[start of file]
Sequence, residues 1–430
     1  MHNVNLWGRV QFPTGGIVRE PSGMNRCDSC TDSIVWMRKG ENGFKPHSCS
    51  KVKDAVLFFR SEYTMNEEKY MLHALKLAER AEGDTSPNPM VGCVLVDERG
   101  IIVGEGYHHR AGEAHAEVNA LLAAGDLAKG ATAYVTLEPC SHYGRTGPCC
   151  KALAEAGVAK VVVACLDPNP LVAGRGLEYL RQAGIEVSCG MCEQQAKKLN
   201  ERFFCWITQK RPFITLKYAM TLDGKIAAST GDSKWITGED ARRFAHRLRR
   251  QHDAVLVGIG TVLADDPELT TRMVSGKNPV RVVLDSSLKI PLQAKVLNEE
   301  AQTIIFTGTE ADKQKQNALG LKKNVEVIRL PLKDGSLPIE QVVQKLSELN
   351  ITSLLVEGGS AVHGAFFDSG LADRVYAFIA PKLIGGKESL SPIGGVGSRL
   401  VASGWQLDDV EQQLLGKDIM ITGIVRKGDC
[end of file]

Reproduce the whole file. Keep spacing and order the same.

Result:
Sequence, residues 1–430
     1  MHNVNLWGRV QFPTGGIVRE PSGMNRCDSC TDSIVWMRKG ENGFKPHSCS
    51  KVKDAVLFFR SEYTMNEEKY MLHALKLAER AEGDTSPNPM VGCVLVDERG
   101  IIVGEGYHHR AGEAHAEVNA LLAAGDLAKG ATAYVTLEPC SHYGRTGPCC
   151  KALAEAGVAK VVVACLDPNP LVAGRGLEYL RQAGIEVSCG MCEQQAKKLN
   201  ERFFCWITQK RPFITLKYAM TLDGKIAAST GDSKWITGED ARRFAHRLRR
   251  QHDAVLVGIG TVLADDPELT TRMVSGKNPV RVVLDSSLKI PLQAKVLNEE
   301  AQTIIFTGTE ADKQKQNALG LKKNVEVIRL PLKDGSLPIE QVVQKLSELN
   351  ITSLLVEGGS AVHGAFFDSG LADRVYAFIA PKLIGGKESL SPIGGVGSRL
   401  VASGWQLDDV EQQLLGKDIM ITGIVRKGDC